Based (controversially) on Steve Moore’s comic book series Hercules: The Thracian War, Ratner’s film occupies a middle ground between the blood-soaked grime of 300 and the murky ethics of Christopher Nolan’s Batman trilogy. There’s violence aplenty, but Ratner’s film is about dismantling a myth rather than stylizing it, and its troubled hero manages to avoid the moral queasiness I’d expected of a modern treatment of his madness myth. (More on madness later.)

You know the story. Hercules (Dwayne Johnson) completes his famous labors, singlehandedly slaying the hydra, defeating the Nemean lion, etc., as the jealous goddess Hera single-mindedly pursues her husband’s illegitimate son. But, as the movie informs us after two minutes of CGI-heavy adventure, most of this is…exaggerated. The real Hercules is a skilled mercenary, strong, but not a demigod. After finishing up a job clearing out pirates in Macedonia, Hercules accepts a commission from Lord Cotys of Thrace (John Hurt) and his daughter Ergenia (Rebecca Ferguson). The task: eliminate a charismatic and deadly sorcerer, Rhesus (Tobias Santelmann—the character seems to share a homeland and a love of horses with Homer’s Rhesus, but little else). The reward: Hercules’ considerable weight in gold. It’s too good to pass up, and Hercules and his loyal gang set out for Thrace.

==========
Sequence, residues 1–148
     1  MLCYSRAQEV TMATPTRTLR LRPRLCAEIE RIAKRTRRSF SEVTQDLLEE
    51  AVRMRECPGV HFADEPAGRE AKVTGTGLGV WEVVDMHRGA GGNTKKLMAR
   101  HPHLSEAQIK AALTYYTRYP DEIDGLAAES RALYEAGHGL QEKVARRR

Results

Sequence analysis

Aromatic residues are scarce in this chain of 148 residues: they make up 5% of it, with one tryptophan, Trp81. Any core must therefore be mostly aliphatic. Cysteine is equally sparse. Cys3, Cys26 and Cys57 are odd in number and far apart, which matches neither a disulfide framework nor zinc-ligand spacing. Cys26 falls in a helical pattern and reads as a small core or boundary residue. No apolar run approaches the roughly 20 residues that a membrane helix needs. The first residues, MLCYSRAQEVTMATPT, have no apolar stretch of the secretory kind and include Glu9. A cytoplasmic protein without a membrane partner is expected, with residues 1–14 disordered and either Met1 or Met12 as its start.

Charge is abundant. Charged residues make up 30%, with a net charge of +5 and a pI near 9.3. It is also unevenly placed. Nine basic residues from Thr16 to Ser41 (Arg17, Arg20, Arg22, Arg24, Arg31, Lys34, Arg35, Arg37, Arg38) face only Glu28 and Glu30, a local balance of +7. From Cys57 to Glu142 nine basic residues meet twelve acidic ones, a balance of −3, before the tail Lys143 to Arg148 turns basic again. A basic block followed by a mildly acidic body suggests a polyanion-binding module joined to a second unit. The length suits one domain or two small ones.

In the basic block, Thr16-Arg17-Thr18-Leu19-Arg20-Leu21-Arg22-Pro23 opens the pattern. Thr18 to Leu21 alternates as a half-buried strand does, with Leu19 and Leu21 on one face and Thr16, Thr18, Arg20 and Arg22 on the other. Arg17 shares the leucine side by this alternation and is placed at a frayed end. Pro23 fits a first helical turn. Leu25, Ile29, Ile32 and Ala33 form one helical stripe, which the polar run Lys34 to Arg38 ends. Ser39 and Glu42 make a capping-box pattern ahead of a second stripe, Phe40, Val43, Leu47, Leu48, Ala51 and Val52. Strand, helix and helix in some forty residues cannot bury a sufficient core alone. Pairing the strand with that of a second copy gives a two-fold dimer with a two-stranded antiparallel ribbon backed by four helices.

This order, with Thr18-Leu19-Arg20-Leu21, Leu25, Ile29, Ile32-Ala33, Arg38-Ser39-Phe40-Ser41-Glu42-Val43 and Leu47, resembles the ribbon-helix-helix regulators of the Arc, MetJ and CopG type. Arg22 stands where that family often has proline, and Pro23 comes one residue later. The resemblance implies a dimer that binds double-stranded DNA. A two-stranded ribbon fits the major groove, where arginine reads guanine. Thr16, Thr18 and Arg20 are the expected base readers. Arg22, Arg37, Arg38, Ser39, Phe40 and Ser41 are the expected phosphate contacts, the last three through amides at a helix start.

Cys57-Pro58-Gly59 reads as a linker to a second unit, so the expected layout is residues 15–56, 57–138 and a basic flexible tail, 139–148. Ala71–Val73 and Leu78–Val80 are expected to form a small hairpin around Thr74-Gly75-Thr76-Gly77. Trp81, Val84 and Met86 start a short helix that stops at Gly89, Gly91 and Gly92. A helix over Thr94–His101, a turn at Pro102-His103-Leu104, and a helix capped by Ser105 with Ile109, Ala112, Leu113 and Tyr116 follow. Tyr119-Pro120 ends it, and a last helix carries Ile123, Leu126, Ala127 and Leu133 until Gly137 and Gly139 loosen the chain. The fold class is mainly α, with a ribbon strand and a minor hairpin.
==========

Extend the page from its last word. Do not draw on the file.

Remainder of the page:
This gang was, for me, one of the most startling departures from tradition. Aeneas plays well with others, as can Odysseus and even Achilles when it suits them. Hercules works alone. Even in the one major myth where that is not the case, the voyage of the Argonauts, Hercules quickly leaves his shipmates behind and starts traveling ahead of them, having adventures of his own.